Challenges in power system optimization: flexible transmission assets

Kory Hedman
Arizona State University
Electrical, Computer, and Energy Engineering

Power flow control technologies are becoming more prevalent in the grid but are also increasing in importance due to the growing resource uncertainty due to distributed demand response products and renewable resources. Even though flexible transmission assets exist in the high voltage transmission network, the flexibility of such devices is neglected in modern day optimization models for generation scheduling and reliability assessment. The control and settings of such devices are predetermined, which limits the utilization of these powerful power flow control devices. For such a complex and evolving engineered system, full utilization of power flow control technologies are essential to ensure efficiency and reliability, especially for systems with distributed and renewable resources. This presentation will give a brief overview of research on transmission topology control and then will focus on the modeling of distributed flexible AC transmission system (FACTS) devices. For example, modeling distributed variable impedance based FACTS devices converts the standard linearized network flow model for the power grid, a linear program (LP), into a nonlinear program (NLP), which can be further transformed into a mixed integer linear program (MILP). While the MILP is a great challenge to solve, a simple LP based heuristic will be presented, which has obtained the global optimal solution to the MILP 99% of the time. With this heuristic approach, real-time operations will be able to capture the flexibility of this power flow control technology and achieve similar solution times by maintaining a linearized OPF formulation. To end the presentation, Hedman will also discuss key challenges associated to stochastic optimization for the electric power sector that are not currently being addressed.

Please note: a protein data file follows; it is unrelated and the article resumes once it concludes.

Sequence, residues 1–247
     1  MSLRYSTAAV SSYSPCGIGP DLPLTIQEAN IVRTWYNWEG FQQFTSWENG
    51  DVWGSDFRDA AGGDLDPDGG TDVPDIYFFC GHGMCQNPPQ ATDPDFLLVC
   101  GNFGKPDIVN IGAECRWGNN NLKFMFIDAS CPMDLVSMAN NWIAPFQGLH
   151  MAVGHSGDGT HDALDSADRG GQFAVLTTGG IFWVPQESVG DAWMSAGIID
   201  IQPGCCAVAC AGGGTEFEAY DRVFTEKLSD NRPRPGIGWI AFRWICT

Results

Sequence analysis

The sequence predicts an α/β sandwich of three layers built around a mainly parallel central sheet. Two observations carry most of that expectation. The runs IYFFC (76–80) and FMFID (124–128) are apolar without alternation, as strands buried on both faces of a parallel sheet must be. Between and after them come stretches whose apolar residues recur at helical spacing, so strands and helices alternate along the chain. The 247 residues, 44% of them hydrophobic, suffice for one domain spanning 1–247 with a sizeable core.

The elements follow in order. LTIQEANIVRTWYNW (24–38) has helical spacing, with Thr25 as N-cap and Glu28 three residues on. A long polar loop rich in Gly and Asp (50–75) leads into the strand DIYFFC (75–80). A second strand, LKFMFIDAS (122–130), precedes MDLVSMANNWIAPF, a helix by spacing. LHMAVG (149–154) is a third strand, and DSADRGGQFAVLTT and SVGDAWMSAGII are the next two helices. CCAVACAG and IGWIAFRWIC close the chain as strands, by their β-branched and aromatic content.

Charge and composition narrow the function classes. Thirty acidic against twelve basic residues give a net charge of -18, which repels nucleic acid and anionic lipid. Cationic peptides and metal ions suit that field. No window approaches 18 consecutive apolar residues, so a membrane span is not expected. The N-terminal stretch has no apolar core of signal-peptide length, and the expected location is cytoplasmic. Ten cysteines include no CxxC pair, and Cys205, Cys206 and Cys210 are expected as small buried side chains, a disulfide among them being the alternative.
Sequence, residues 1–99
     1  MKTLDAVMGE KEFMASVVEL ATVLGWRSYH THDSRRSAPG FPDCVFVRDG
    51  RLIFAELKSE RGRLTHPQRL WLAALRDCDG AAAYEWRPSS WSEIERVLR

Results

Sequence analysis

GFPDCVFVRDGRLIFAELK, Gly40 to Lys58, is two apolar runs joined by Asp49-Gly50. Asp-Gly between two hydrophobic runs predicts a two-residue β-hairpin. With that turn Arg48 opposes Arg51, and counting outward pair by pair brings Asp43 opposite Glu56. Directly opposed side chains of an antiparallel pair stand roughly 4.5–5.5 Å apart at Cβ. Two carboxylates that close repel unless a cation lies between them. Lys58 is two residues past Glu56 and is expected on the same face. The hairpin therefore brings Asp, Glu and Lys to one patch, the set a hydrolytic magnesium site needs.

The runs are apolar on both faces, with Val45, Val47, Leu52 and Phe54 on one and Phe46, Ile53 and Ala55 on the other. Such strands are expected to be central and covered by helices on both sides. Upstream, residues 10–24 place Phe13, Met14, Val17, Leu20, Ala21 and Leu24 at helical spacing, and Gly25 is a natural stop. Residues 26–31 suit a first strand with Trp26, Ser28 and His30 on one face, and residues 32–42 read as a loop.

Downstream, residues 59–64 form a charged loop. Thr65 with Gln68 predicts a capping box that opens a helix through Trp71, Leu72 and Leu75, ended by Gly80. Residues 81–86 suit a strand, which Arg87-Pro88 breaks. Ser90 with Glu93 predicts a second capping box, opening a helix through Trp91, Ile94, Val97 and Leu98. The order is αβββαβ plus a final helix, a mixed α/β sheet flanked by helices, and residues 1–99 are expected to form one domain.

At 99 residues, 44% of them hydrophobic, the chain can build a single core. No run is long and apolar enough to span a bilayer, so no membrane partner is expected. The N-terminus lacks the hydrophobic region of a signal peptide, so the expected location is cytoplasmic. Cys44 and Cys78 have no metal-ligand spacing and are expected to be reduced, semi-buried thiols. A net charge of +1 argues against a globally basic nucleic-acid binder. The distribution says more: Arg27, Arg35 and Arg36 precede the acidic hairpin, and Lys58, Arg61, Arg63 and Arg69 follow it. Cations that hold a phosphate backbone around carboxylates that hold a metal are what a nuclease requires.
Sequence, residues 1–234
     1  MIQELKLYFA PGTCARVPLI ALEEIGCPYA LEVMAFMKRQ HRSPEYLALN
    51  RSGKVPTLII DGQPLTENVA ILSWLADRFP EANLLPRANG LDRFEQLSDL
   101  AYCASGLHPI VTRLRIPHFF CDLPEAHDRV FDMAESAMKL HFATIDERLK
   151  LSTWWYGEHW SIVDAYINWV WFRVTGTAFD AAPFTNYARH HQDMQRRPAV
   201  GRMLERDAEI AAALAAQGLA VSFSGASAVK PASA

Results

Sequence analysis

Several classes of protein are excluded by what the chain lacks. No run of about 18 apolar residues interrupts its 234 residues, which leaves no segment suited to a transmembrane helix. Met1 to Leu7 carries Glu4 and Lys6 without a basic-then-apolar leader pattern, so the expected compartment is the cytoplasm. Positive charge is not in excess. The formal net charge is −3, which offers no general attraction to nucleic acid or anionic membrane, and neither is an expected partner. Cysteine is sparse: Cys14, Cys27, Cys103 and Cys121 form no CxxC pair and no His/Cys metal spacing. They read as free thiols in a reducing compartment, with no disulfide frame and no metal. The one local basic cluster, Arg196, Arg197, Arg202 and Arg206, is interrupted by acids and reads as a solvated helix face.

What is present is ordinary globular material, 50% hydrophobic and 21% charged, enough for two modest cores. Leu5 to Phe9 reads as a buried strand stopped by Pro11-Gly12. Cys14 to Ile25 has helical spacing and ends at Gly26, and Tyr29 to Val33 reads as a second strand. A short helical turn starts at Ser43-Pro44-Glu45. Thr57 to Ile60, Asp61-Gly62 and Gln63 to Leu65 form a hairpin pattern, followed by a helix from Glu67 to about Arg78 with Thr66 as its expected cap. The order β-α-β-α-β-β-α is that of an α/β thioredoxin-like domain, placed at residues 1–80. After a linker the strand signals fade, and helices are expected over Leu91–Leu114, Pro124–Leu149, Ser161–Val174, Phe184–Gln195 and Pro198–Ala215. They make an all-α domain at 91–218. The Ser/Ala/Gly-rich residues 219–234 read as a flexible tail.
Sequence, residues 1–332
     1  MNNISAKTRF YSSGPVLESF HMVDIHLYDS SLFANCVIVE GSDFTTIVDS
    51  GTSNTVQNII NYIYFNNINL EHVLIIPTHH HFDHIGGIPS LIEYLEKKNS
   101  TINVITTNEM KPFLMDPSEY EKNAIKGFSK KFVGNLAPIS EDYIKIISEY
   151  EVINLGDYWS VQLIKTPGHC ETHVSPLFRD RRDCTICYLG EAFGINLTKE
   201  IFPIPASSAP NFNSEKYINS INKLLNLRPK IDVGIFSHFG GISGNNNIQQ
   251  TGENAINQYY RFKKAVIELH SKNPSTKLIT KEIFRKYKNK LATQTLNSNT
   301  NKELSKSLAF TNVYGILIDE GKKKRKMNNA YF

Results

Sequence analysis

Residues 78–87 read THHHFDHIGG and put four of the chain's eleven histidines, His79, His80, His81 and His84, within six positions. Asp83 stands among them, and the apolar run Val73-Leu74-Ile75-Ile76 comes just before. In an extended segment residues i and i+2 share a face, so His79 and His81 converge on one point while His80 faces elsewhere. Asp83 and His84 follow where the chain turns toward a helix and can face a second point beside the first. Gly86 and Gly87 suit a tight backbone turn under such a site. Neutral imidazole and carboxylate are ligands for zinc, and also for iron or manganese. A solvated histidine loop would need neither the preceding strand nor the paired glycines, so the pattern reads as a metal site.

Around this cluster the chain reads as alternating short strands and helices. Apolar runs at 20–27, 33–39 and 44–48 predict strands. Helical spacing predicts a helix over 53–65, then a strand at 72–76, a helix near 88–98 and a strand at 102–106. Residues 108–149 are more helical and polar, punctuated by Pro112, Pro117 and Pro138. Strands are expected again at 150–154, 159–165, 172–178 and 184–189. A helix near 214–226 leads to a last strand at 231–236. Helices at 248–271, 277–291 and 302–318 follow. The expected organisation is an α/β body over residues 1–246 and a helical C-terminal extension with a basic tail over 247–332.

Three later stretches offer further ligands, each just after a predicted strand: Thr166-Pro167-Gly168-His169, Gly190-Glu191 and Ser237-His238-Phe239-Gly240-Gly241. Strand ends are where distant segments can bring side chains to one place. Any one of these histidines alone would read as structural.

Presentation (PDF File)

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